Safeguarding - changes under the Care Act
What is safeguarding?
'Adult safeguarding' means working with adults with care and support needs to keep them safe from abuse or neglect. It is an important part of what many public services do, and a key responsibility for each council.
Your local council has had systems in place for many years to support and protect vulnerable people who are subjected to abuse or neglect.
Why did the law on safeguarding need to change?
Although all councils have been responsible for safeguarding for many years, there has never been a clear set of laws behind it. As a result, it is often unclear who is responsible for what, in practice.
The Care Act aims to put this right by creating a legal framework so key organisations and individuals with responsibilities for adult safeguarding can agree on how they must work together and what roles they must play to keep adults safe from harm.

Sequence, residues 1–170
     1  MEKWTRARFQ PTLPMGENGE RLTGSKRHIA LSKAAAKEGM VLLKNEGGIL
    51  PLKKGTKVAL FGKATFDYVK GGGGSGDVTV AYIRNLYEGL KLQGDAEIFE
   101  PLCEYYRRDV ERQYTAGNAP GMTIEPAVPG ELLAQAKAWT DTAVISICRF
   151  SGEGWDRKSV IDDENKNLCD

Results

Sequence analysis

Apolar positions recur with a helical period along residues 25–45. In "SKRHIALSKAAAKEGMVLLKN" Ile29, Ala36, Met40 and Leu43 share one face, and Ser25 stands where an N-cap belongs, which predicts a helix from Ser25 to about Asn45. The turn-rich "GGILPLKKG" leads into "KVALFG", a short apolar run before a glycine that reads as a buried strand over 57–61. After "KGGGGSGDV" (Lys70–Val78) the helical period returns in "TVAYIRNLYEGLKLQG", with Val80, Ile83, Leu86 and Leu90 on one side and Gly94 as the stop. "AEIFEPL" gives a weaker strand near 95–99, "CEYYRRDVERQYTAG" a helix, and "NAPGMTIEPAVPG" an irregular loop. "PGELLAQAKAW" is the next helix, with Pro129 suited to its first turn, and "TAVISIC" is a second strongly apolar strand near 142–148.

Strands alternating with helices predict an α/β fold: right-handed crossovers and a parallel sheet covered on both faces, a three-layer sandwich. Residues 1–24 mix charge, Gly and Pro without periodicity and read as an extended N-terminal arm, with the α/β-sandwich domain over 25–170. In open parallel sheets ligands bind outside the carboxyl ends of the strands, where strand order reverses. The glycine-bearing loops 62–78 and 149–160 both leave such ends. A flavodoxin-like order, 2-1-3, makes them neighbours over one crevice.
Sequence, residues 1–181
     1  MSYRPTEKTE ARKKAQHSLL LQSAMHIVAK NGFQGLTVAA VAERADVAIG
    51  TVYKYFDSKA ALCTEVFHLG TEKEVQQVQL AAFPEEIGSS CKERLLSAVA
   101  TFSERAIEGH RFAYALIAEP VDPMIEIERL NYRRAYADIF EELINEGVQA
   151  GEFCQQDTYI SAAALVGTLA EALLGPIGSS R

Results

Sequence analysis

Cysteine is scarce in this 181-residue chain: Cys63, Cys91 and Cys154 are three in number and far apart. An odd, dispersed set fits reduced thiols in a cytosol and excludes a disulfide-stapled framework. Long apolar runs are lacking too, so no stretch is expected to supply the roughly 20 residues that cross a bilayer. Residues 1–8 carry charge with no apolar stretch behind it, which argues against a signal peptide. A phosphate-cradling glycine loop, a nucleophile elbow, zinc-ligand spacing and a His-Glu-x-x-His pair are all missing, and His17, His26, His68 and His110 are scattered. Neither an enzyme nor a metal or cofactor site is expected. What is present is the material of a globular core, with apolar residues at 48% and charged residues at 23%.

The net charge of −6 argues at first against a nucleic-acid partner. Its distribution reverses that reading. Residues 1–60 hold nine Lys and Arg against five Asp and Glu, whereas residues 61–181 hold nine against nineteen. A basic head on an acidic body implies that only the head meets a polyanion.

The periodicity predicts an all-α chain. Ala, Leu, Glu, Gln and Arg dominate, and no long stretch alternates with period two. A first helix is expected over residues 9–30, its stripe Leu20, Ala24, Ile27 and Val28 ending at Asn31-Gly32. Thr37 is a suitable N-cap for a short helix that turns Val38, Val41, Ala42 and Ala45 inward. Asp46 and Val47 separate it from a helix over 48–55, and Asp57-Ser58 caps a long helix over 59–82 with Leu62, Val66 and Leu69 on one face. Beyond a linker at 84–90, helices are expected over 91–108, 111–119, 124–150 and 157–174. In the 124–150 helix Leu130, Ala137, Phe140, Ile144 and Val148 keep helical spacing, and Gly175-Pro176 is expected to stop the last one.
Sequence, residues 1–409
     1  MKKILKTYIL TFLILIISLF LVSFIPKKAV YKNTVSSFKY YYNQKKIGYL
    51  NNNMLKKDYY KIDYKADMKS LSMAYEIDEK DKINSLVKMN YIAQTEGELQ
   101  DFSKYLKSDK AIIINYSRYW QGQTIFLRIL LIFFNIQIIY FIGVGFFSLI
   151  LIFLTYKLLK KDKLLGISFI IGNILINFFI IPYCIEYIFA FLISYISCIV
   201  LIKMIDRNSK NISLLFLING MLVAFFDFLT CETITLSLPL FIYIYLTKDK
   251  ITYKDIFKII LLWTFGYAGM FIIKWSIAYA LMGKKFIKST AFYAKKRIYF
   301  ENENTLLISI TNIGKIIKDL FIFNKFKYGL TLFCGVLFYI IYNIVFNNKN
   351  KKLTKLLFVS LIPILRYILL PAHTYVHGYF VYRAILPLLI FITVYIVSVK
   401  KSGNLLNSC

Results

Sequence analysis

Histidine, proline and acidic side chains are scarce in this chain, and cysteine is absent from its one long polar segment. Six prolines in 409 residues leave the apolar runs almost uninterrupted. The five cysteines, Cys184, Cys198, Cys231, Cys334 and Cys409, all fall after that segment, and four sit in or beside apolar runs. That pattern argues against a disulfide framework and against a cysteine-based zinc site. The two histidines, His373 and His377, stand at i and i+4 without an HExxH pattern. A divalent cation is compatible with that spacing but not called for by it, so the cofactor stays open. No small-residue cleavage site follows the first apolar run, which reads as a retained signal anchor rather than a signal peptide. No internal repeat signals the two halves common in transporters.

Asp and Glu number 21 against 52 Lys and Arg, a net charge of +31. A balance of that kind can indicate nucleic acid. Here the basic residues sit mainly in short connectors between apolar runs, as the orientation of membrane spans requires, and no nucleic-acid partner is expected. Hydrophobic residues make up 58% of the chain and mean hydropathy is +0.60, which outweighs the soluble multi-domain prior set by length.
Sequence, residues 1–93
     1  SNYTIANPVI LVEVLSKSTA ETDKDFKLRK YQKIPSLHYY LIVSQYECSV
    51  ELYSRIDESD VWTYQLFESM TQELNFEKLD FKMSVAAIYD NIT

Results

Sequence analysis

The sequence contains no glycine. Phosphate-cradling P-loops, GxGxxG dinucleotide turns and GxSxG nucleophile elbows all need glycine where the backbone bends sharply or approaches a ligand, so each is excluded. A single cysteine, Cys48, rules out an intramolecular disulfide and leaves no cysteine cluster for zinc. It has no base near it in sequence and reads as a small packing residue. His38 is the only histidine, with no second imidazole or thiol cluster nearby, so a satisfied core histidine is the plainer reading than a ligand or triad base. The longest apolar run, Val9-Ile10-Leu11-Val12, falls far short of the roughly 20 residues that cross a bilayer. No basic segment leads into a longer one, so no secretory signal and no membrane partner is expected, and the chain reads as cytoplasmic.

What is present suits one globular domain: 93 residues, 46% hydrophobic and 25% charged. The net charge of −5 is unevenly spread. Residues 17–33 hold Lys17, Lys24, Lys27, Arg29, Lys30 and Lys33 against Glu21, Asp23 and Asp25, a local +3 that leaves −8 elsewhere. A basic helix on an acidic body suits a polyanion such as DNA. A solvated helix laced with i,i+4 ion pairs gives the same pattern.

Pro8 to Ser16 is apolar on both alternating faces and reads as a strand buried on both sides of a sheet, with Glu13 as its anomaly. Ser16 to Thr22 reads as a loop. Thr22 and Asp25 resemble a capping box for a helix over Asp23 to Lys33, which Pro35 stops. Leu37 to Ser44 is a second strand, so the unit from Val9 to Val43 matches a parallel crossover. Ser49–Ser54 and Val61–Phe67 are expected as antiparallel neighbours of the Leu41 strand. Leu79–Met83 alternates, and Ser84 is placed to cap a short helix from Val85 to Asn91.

The Care Act will not significantly change the way in which frontline council staff and others will support vulnerable people who have been subjected to abuse and neglect.
But where a person involved in a Safeguarding Enquiry or Review needs help to understand and take part in the process, and to express their views, councils will now need to ensure that there is someone involved who can speak on the person's behalf.
And the Care Act means that councils and other organisations need to work more closely together to ensure that people are protected when they experience abuse or neglect, and need to develop shared plans which will help to reduce the numbers of future incidents of abuse or neglect.
You can find out more from the government's Care Act fact sheet on Protecting Adults From Abuse Or Neglect.
What to do if you are concerned about someone
You can find out more about the different types of abuse and neglect, and about people who are especially vulnerable to abuse and neglect, in our section Abuse and Neglect - Safeguarding Adults.
And if you have concerns about someone then please go straight to our page What To Do If You Think Someone Is At Risk Of Abuse